The Foundation estimates that at this moment, there are app. 100 000 Canadians with inflammatory bowel disease. Gilles Demers is 20 years old when he's told that he suffers from Crohn's, a disease with no known cause and no known cure. "I cried all day when they announced the diagnosis", says this man from the Sherbrooke region, now 39 years old. Four surgeries performed in the early 80's have resulted in his having today only 2 meters of intestine instead of 6 meters. His inability to absorb nutrients properly necessitates his using a tube at night in order to feed himself. "The first 10 years were very hard", remembers Gilles, now married and father of two children. After periods of flares and then convalescence, he eventually has to stop working indefinitely. He's in remission now for the last 9 years and receives a disability pension from Quebec. Gilles' case is pretty severe. People with Crohn's disease can have symptoms that are less severe than Gilles' but all suffer a lifetime of flares and remissions.
Similarities with the bovine disease
American and British scientists wanted to establish a link between the bacterium that causes paratuberculosis in cattle and Crohn's disease in humans, precisely because the symptoms bear such striking similarities. Dairy cows or beef cattle present the following symptoms: severe inflammation of the intestinal wall and severe diarrhoea and weight loss. In 1984, the American microbiologist Rod Chiodini, then at the University of Connecticut, was the first to succeed in isolating the bacterium from the intestines of Crohn's patients. During this same period, Professor John Hermon-Taylor, chief of surgery at St George Hospital in London, discovers a DNA sequence unique to the bacterium that will facilitate identification of the bacterium in both Crohn's tissue and in milk. "Because after many discussions, John and I arrived at the conclusion that milk would be the most plausible carrier between animals and humans, but there can also be water and ground meat", remarks Rod Chiodini during the interview. For John Hermon-Taylor, after 20 years of research, "there is no more doubt, this bacterium that causes a disease in cattle also plays a role in Crohn's disease. Let's at least assure ourselves that milk is safe", he states during a telephone conversation. Herbert Van Kruiningen, professor of pathobiology at the University of Connecticut, is an old colleague of Rod Chiodini. "We were on a good track there during the 80's but as for me, the scientific community failed to repeat the experiment in a satisfactory way" he concludes when contacted on the subject. For him, science was not able to prove that there is a common cause between the bovine disease and the human disease, in spite of apparent similarities between the two diseases.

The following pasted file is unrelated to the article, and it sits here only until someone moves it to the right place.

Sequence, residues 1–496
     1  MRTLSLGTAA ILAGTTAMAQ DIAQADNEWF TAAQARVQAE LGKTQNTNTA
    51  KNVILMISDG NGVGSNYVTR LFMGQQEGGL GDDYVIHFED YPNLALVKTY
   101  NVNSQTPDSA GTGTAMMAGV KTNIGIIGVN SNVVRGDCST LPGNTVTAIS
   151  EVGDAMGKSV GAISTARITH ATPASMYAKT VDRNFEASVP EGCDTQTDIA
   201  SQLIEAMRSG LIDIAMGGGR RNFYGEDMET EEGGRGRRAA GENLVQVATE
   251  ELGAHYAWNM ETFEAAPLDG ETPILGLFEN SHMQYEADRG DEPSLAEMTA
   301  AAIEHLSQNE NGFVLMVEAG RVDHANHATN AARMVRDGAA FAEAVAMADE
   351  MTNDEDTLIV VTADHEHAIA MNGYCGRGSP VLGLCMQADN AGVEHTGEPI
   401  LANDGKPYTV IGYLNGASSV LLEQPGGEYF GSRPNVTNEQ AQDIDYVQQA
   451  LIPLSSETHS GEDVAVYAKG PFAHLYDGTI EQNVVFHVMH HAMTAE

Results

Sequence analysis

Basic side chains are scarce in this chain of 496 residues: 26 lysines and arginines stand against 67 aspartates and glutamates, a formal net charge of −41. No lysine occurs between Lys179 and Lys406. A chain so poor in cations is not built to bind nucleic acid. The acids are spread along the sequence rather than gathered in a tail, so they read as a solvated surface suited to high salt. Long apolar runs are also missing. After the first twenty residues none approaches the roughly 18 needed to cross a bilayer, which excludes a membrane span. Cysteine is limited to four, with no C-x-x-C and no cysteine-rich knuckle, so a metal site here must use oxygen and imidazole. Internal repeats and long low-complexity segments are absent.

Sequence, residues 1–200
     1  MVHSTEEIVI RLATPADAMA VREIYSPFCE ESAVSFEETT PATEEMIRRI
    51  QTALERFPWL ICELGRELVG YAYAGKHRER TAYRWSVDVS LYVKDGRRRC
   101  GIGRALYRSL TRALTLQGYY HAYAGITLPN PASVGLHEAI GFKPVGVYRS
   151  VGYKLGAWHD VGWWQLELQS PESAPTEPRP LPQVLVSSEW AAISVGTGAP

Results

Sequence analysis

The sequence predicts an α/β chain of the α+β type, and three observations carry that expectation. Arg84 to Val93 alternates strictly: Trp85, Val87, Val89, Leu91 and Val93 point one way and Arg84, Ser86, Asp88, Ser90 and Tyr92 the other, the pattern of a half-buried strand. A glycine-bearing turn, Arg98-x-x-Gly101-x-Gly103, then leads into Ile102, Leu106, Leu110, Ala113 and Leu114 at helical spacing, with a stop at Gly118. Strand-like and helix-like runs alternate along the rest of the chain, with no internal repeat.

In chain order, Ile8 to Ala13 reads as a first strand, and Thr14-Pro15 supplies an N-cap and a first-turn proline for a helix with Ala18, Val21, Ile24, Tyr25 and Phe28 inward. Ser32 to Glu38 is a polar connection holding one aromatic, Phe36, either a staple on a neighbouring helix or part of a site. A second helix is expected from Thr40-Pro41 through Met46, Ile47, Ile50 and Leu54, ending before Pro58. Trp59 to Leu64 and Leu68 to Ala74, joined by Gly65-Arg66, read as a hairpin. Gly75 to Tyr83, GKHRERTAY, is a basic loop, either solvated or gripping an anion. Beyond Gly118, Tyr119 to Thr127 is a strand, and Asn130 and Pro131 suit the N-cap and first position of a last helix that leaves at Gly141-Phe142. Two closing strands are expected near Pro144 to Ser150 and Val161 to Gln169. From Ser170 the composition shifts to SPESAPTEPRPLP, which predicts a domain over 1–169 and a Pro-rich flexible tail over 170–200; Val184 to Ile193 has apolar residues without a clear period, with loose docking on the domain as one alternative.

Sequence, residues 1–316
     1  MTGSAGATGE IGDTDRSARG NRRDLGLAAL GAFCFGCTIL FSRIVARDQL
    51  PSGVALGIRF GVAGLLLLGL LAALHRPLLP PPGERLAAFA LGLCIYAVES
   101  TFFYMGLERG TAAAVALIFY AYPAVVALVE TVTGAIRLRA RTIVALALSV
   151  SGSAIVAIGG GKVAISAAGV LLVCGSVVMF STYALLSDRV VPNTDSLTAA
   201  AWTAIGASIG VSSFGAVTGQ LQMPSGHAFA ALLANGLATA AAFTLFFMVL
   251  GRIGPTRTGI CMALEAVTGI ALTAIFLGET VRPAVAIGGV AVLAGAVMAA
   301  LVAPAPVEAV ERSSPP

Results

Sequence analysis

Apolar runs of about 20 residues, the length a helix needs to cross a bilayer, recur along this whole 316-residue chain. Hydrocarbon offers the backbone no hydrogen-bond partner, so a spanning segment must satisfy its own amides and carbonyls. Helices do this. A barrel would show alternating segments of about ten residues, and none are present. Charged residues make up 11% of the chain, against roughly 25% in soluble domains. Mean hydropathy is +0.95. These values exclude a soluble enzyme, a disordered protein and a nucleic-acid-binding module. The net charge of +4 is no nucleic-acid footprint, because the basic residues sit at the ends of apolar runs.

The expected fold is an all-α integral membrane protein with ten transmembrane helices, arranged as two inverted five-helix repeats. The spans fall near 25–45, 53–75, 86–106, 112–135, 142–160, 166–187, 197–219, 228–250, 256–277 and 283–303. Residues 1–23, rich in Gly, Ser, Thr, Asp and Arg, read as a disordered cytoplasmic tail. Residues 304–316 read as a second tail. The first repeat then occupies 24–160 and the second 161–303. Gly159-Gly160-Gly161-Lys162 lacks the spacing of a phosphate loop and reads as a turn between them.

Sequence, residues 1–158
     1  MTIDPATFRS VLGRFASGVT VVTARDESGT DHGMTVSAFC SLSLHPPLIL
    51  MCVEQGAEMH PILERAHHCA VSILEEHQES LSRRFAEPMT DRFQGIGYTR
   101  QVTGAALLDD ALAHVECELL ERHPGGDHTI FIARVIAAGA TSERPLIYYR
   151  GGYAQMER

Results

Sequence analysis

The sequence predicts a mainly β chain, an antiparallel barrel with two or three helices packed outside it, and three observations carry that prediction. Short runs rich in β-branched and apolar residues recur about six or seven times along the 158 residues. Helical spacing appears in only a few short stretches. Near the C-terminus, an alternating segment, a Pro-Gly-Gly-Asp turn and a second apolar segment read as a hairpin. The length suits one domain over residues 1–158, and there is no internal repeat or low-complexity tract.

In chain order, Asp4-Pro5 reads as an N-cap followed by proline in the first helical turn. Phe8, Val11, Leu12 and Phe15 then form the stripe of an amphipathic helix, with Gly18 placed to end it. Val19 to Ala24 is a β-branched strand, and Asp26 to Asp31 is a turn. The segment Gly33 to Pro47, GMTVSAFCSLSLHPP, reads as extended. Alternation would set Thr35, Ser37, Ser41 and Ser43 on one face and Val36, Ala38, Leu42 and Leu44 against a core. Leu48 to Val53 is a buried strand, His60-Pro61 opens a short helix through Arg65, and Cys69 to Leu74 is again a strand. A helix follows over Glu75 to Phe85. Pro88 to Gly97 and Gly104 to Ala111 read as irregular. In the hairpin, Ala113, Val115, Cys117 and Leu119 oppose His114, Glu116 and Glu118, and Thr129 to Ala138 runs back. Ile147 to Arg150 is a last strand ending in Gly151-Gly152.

This debate, which is not settled among the scientific community, has nonetheless caught the attention of Nicole Fréchette. Her son developed Crohn's disease just as he was entering university. Nicole, originally from Quebec, has been living in British Columbia for many years. Having made a career in nursing, she was able to navigate the scientific documents with a certain ease. It's during this search that she discovered the Internet site PARA (Paratuberculosis Awareness and Research Association).
PARA is an international organization that was established in 1997 by 2 American mothers, one from Ohio and the other from Florida. These mothers share a common bond in both having a child who suffers from Crohn's disease. PARA is actively lobbying the diverse government agencies in the US for funds to be earmarked for research into an infectious aetiology of Crohn's disease and for testing of retail milk. Last March 13, Cheryl Miller, co-president of PARA, addressed the American Congress to request allocation of 500 million US, the amount required to mount extensive research on this bacterium and on retail milk. It will be next September before allocation of research funds are announced by Congress but nonetheless, members of Congress have publicly indicated that they will give their request very serious consideration.